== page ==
Date of Award
Campus Access Dissertation
Doctor of Philosophy (PhD)
Alice S. Carter
Childhood anxiety disorders are prevalent and clinically distressing among young children. While prevention programs hold the promise of alleviating child anxiety symptoms, the few studies that have implemented programs have been limited by low participation, especially among parents experiencing high levels of sociodemographic adversity, despite being acutely at risk. While no studies have specifically investigated factors related to parent engagement in a prevention program targeting anxiety, similar programs for childhood behavior problems with poor, urban samples have achieved engagement rates of approximately 20%. However, parents are generally less likely to seek help for anxiety, compared to externalizing problems, suggesting that recruiting parents for anxiety programming may be even more challenging. This study investigated the feasibility of a parent-focused anxiety prevention program by assessing parent engagement at a one session program in a diverse, urban sample. Participants were poor, ethnic minority parents of children aged 1-5 years (n=256) participating in WIC programs in Boston, MA, who completed a developmental survey, including parent and child symptom measures and parent service preferences (phase 1). Parents meeting criteria for elevated parent anxiety symptoms, elevated child anxiety symptoms, or child trauma exposure (n=101), were then invited to a developmental group session focused on emotional development targeting anxiety (phase 2). Half of these parents were randomized to an enhanced recruitment group, which included personalized outreach, matching parent service preferences, and community endorsement. Recruitment rates were 75% and 19% for phases 1 and 2, respectively. More parents planned to attend sessions in the enhanced group (49%), compared to the control group (6%). Parents in the enhanced group were 3.5 times more likely to attend sessions, but this difference did not reach statistical significance. Neither child anxiety, parent anxiety, nor trauma exposure were related to either planning to attend or actual attendance. Significant predictors of attendance included planning to attend (r = .49; p < .001) and selecting "childcare provided" as a service preference (÷² = 4.99; p< .05). Despite low levels of attendance, all attending parents reported high levels of satisfaction with the groups. Consistent with other research on parent engagement in prevention programming, this study highlights the need for improvements in approaches for engaging parents in preventive research. Results also highlight the importance of investigating the complex process related to parents' decisions to participate in research, differentiating between cognitive processes related to planning to attend and actually attending programs.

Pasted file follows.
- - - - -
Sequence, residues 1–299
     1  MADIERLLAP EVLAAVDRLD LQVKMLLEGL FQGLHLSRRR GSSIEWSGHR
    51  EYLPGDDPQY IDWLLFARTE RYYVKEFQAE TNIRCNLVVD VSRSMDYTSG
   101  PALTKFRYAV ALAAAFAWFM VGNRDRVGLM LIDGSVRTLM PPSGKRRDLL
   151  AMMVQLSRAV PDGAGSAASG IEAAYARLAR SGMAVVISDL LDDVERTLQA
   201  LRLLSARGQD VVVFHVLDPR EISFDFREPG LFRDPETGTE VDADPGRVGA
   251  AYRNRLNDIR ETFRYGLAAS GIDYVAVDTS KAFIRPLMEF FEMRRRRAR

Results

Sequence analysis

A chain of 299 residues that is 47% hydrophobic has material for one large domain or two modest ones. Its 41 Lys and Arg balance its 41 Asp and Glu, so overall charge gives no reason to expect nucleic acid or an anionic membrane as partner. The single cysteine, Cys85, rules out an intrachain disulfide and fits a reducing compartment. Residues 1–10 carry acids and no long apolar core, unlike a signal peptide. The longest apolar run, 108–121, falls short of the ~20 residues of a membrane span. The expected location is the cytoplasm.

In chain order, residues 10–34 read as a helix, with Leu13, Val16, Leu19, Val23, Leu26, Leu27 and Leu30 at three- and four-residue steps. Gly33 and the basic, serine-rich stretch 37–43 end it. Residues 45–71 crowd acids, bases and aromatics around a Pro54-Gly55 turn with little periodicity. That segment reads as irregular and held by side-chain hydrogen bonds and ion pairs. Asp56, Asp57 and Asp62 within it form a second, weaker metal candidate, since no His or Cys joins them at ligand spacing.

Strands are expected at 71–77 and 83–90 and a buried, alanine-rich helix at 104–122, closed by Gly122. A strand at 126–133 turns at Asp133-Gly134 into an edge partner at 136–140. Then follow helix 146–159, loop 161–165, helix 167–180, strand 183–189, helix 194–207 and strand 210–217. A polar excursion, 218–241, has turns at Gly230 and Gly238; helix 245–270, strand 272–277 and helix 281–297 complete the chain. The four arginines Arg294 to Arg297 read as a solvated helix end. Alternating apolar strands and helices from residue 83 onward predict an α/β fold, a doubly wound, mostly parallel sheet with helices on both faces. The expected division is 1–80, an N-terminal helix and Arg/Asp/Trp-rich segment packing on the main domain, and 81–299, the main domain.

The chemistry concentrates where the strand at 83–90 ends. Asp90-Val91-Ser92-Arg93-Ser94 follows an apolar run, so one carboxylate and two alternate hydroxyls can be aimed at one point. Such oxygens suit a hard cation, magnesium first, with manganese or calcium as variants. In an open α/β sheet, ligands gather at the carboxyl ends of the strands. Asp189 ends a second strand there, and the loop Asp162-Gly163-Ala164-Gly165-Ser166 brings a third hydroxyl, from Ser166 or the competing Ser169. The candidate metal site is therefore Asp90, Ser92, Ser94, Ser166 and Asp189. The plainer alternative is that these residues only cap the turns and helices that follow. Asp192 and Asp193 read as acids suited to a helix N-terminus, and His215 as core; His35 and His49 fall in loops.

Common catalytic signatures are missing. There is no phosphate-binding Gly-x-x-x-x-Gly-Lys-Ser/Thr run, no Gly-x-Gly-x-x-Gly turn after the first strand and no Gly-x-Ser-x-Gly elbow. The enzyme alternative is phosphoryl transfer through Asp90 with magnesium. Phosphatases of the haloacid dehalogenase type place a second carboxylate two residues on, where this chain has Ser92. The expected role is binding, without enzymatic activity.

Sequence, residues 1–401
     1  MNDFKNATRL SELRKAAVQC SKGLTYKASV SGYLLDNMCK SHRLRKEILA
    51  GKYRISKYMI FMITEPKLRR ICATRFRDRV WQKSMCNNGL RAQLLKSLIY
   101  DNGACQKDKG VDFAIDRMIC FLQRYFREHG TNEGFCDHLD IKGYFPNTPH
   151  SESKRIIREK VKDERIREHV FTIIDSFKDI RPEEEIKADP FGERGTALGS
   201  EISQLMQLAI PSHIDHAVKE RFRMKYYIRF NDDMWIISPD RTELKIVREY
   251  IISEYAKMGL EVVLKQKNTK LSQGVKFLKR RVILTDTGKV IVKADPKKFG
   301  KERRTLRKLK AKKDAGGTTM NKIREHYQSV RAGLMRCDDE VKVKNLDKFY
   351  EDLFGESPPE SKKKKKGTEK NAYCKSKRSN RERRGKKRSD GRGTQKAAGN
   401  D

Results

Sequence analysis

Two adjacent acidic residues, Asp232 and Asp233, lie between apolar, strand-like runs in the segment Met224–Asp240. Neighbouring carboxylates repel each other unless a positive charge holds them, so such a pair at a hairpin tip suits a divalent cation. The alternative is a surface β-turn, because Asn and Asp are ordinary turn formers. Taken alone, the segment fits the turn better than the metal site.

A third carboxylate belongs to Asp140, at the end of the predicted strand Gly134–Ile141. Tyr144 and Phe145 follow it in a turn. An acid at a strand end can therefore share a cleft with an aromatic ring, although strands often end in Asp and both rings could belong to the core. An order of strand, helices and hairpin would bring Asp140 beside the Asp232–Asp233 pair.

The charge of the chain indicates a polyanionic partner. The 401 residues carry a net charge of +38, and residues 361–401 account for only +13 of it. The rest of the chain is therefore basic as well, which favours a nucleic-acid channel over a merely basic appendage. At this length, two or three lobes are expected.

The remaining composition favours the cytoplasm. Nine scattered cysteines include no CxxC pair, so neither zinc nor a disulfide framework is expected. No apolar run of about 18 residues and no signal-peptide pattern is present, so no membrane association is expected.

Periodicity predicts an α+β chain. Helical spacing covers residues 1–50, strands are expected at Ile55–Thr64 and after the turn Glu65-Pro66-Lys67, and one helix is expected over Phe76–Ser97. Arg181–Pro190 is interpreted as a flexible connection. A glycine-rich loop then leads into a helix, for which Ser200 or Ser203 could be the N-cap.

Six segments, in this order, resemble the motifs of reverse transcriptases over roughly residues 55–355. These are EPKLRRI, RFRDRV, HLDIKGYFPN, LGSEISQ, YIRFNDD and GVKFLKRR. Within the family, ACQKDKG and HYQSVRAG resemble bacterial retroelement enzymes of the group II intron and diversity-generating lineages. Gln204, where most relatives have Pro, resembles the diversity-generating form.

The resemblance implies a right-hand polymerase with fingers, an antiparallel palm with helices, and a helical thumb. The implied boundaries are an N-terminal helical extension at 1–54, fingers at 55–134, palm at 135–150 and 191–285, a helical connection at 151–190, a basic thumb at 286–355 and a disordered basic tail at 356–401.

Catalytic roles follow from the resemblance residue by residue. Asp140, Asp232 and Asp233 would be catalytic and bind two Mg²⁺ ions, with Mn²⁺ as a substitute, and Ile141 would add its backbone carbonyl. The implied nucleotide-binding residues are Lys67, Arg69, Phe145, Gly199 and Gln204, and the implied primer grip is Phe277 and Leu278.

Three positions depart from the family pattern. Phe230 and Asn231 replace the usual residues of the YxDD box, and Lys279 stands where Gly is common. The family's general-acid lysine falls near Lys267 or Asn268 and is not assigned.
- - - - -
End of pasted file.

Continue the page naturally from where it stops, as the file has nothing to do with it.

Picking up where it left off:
Mian, Nicholas D., "Targeted Prevention of Childhood Anxiety: Engaging Parents in an Underserved Community" (2013). Graduate Doctoral Dissertations. 117.